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Book Description: New York: Ariel Books, 1962. First edition of the author's Newbury award-winning novel. Octavo, original half blue cloth. Inscribed by the author, "For Sam, Tesser Well Madeleine L'Engle". Light wear to the bottom boards, else near fine in a very near fine dust jacket that shows some light wear and a closed tear to the front panel. Without the Newberry Award winning seal to the front panel. Housed in a custom clamshell box. A very sharp copy. A Wrinkle in Time is one of the most significant novels of our time. The story revolves around a young girl whose father, a government scientist, has gone missing after working on a mysterious project called a tesseract. "A book that every person should read, a book that provides a road map for seeking knowledge and compassion even at the worst of times, a book to make the world a better place." (Cory Doctorow). Bookseller Inventory # 757
At the time of L'Engle's death in 2007, the book had sold 8 million copies and was in it's 69th printing (Martin, 2007, p.1)
There is a link to a complete list of awards and honors granted to L'Engle on the Additional Resources and Links page at the end of this presentation
The children are introduced to two beneficent beings, the Happy Medium, and Aunt Beast, both of whom offer guidance in their quest.
"A Wrinkle in Time" was
L'Engle's 7th work of fiction
More Characters
While time and space traveling, The three Ws introduce the children to the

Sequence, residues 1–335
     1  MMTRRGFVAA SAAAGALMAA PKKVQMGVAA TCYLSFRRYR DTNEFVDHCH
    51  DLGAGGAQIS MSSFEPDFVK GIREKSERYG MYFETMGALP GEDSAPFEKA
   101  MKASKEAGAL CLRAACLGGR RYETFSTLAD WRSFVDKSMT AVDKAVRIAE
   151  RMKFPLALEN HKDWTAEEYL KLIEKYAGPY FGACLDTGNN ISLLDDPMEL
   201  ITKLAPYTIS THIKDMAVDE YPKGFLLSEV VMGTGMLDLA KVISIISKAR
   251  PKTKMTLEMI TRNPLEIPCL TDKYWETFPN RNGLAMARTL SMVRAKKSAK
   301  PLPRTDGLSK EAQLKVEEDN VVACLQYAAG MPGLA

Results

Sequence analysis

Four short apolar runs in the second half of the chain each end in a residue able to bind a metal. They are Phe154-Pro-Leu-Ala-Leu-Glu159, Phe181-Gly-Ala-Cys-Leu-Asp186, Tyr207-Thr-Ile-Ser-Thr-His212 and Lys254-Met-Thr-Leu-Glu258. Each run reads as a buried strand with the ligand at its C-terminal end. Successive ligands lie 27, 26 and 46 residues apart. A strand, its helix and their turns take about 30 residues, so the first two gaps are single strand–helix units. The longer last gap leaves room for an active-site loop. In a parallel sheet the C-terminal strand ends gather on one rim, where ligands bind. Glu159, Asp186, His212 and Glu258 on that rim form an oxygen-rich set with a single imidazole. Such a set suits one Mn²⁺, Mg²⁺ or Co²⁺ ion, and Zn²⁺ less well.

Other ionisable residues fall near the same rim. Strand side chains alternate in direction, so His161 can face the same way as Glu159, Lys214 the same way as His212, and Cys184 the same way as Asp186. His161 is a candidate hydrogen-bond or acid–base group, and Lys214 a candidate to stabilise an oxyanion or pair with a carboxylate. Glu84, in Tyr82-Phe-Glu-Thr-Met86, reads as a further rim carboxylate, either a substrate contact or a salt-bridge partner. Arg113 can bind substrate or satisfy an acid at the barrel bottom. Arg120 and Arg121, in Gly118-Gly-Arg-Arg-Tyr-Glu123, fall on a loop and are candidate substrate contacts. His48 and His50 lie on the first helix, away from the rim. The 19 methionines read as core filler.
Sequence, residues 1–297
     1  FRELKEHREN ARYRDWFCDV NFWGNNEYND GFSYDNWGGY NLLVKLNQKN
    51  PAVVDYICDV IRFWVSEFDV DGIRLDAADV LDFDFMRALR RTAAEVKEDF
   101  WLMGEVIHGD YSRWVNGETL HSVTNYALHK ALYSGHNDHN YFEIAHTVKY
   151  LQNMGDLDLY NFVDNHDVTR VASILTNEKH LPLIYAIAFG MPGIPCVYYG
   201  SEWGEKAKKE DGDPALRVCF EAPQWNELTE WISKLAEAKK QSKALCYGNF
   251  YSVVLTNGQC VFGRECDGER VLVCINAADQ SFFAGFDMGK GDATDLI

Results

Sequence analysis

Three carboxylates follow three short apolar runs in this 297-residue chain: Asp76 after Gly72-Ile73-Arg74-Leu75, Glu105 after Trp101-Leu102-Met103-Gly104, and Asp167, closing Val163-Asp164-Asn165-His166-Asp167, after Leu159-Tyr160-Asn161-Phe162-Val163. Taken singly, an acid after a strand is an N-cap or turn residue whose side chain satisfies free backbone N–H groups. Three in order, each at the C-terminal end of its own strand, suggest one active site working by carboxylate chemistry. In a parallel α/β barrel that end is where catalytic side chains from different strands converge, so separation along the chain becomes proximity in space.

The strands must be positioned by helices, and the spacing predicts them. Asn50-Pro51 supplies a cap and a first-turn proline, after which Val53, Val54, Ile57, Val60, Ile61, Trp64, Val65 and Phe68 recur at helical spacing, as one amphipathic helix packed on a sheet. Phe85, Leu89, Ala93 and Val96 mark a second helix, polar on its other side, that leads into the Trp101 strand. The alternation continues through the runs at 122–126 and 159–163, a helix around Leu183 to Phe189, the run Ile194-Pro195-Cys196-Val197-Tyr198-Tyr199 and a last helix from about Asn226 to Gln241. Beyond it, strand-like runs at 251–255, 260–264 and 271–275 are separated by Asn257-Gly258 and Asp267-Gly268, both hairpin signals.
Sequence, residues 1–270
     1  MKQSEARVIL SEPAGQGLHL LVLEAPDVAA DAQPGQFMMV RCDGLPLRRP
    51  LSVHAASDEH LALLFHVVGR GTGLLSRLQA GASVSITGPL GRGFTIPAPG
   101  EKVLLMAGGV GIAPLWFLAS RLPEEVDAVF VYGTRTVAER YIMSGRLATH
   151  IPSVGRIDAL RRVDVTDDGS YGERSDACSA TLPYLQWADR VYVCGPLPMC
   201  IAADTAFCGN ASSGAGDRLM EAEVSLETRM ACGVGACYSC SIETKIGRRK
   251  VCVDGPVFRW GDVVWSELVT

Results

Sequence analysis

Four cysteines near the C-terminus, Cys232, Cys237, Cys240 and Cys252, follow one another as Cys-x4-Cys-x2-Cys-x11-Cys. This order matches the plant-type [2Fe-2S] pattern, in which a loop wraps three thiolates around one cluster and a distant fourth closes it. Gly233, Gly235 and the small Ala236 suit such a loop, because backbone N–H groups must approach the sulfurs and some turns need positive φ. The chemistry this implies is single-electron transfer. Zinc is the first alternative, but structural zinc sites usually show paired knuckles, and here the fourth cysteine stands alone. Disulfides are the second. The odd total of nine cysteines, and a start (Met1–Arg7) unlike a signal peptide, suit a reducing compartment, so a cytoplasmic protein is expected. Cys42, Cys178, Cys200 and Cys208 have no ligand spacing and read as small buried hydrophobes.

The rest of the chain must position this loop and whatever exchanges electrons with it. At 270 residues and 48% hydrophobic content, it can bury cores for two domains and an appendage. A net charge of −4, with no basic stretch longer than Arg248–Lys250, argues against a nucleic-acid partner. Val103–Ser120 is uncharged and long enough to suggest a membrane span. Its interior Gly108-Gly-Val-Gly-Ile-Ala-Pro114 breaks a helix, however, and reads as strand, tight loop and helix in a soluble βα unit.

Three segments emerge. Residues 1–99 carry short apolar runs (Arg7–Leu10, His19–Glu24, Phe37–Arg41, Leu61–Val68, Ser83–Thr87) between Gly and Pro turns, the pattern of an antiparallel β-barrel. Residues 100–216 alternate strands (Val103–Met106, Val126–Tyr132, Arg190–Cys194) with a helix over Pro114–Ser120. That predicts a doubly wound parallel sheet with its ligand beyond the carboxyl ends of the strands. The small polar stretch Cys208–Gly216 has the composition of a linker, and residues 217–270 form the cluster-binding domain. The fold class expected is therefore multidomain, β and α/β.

Happy Medium
, and
Aunt Beast
, two beneficent characters, who also happen to be women.
The other main human character is
Calvin O'Keefe
, the tall, handsome athletic neighbor, who, like Charles Wallace, is also psychically gifted , but has the misfortune of being one of 11 children in a dysfunctional home. He is 14 years old and in the 11th grade.
"Ninety-five percent of people who challenge 'A Wrinkle in Time' use the terms 'occult,' 'Satanism,'
'anti-Christian,' or 'New Age' in their reasons for why they think the book is dangerous for children to read....over and over, challengers mention a concern that the novel will undermine children's religious beliefs (McClellen, 2008, p. 120).
In 1991, the Office of Intellectual Freedom of the American Library Association ranked Madeleine L'Engle number nine in its list of the top ten banned authors. Although 'A Wrinkle in Time is responsible for most of the statistics, other novels have made the list (McClellen, 2008, p. 121).
L'Engle said in an interview "Eleven is a number [of dimensions] that's often mentioned in articles on physics, but I don't know why. Why 11 dimensions instead of 10 or 12? Who knows? It's just a guess!" (Scholastic, n.d.).

Is the number 11 significant?
"I find it easier to believe in the impossible now in my seventies than I did when I was in my rational midlife. I'm back to believing in the impossible, if there's anything worth believing in. You can't prove God or disprove God" (Rountree, 1999, p. 103).
"Stories like this one, with its overtones reminiscent of Orwell's '1984,' of Hans Christian Andersen and C.S. Lewis, are not for the casual or strictly realistic reader. Imaginative readers with a taste for speculation, a feeling for intricate symbolism, should find it wholly absorbing -- for in her highly accelerated spin through space Miss L'Engle never loses sight of human needs and emotions."
When asked his favorite book of all time, Dan Brown replied: "my earliest memory of being utterly transfixed by a book was Madeleine L'Engle's 'A Wrinkle in Time.' Halfway through the book, I remember my mom telling me it was time for bed and not being able to sleep because I was so deeply concerned for the safety of the characters. The next day, when I finished the book, I remember crying with relief that everything had worked out. The emotion startled me-- in particular the depth of connection I felt toward these imaginary characters. It was in that moment that I became aware of the magic of storytelling and the power of the printed word" (New York Times, 2013).